Salaries in Slovenia and Croatia are growing faster than in the five other countries that made up former Yugoslavia. According to the Croatian Bureau of Statistics, Slovenia pays the highest salary in the region at €1,050.78, immediately followed by Croatia where the average monthly salary amounts to €813.1, which is an increase of €63,47 compared to 2016. At the bottom we find the Republic of Macedonia with only €372,55.
According to a report issued by the European Trade Union Institute (ETUI), wages tend to be lower than these countries’ economic potential would allow. ETUI’s senior researcher, Béla Galgóczi, explains that “when looking at the drivers behind wage increases, we can identify two factors that play a significant role: foreign direct investment and outward labour migration.”
Due to historical reasons, wages in the CEE region have always been lower than in Western countries, but thanks to the EU enlargement process these economies have also grown dynamically, creating a favourable environment for wage increases.
In Mr Galgóczi‘s opinion, FDI increases productivity, which should then be reflected in wages that are higher than the sectoral or regional average. For example the automotive industry, which is growing quickly, especially in Poland, Slovakia, the Czech Republic, Hungary and Romania, has created more jobs, attracting more foreign investors, precisely because of low labour costs. Then, EU membership and the free movement of workers has caused a huge migration from CEE countries to Western Europe. As a result, CEE governments have had to increase salaries to keep those people from moving to seek their fortunes abroad.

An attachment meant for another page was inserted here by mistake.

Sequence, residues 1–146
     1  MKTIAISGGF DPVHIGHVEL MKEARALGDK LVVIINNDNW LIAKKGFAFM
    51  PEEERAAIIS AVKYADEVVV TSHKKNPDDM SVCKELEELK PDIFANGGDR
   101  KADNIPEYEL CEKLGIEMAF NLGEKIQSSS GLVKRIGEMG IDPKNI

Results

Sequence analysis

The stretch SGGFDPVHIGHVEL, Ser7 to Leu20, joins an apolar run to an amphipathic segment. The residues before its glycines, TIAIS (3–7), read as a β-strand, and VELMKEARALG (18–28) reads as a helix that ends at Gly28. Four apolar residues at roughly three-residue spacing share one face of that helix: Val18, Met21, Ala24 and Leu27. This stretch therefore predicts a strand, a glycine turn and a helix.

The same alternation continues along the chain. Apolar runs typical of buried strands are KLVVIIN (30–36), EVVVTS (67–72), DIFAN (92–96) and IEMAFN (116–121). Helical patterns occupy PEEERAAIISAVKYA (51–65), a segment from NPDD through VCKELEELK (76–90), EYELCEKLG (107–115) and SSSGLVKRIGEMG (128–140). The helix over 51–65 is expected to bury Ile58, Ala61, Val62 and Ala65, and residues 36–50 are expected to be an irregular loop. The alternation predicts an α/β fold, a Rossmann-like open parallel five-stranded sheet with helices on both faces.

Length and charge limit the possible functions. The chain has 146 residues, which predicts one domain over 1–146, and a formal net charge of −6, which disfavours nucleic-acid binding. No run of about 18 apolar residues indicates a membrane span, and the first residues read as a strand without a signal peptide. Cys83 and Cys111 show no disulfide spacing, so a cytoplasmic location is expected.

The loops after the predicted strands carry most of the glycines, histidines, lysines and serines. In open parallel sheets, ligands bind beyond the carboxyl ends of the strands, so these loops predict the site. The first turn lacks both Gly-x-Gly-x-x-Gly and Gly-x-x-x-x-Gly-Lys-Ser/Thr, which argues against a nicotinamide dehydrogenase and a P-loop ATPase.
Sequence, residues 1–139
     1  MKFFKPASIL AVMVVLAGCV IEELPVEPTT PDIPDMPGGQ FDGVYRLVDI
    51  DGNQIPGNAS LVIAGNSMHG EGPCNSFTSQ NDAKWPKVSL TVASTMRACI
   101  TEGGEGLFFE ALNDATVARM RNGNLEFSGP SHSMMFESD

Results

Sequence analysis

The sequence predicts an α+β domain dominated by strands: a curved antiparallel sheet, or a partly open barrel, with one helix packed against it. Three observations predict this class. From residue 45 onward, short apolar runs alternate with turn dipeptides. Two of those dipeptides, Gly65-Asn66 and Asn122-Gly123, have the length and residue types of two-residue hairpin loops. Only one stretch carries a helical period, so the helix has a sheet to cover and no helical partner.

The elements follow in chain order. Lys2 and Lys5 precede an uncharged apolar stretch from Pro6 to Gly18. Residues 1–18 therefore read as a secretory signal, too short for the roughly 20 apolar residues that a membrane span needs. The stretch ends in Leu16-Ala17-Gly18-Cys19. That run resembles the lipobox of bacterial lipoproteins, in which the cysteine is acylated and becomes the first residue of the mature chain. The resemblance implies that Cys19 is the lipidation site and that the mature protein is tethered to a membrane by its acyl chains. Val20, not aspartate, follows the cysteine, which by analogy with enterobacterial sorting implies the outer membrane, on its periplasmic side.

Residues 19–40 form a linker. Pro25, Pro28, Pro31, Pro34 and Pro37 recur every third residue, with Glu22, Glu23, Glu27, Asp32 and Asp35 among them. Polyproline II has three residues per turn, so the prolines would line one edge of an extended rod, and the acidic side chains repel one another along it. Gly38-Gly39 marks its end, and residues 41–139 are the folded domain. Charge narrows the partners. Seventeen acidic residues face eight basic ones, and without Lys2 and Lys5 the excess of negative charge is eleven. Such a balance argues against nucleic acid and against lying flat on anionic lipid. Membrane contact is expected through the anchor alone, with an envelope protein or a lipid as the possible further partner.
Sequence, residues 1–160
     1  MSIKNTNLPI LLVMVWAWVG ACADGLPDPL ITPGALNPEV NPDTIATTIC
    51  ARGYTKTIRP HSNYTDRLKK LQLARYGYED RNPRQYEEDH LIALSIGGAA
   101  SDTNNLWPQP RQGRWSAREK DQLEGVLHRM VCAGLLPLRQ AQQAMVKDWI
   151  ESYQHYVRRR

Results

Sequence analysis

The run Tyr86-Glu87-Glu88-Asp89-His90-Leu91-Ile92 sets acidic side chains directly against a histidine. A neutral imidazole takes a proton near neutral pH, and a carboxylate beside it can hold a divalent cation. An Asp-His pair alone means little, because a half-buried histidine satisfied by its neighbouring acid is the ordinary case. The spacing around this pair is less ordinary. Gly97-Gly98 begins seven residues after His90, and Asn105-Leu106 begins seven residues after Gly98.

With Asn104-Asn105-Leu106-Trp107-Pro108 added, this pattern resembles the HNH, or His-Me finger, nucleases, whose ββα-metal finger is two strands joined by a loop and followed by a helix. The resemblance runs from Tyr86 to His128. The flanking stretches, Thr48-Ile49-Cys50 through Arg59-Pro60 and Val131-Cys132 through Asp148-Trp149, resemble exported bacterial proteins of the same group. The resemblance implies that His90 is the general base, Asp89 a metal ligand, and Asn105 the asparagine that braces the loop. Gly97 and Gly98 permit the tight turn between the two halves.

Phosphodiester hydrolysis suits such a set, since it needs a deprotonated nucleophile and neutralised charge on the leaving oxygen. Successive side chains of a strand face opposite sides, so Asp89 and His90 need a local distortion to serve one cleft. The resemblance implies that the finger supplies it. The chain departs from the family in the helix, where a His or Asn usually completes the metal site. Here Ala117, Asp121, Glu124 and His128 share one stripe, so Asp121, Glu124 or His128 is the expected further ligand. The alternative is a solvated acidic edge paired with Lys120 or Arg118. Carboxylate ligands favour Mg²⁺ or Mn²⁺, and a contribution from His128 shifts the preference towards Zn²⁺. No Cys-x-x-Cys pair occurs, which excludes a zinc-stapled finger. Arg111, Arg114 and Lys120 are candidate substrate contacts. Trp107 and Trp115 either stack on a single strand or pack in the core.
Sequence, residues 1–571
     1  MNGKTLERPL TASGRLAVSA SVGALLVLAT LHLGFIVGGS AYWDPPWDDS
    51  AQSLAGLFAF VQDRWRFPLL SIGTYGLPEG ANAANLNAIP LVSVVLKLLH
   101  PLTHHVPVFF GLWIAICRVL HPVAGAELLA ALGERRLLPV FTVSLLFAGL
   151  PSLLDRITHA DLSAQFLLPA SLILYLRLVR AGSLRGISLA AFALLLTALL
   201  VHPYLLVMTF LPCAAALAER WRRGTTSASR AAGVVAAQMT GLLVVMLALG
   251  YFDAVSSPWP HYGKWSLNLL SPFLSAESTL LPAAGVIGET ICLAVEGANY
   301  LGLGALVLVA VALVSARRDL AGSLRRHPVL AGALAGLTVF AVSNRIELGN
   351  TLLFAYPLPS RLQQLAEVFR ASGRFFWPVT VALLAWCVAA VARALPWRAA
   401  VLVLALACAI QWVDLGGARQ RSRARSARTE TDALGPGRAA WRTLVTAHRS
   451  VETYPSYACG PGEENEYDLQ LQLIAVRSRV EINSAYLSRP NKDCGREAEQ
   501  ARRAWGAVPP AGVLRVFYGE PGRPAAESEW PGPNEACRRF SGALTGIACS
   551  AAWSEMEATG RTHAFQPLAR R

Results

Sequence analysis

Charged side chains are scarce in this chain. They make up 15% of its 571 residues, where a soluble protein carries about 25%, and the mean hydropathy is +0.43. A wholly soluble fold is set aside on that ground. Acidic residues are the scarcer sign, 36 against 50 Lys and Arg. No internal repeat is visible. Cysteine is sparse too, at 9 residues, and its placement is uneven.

Croatia is matching this policy as well. At the end of last year, Finance Minister, Zdravko Marić, promised an increase in net salaries in 2017 because of new tax reforms which will allow more than one million Croats to not pay taxes. He kept his promise, as we have already witnessed this growth.
However, this positive trend has been registered almost entirely in the big cities, such as the capital Zagreb, where the average salary is 14 per cent higher than the rest of the country.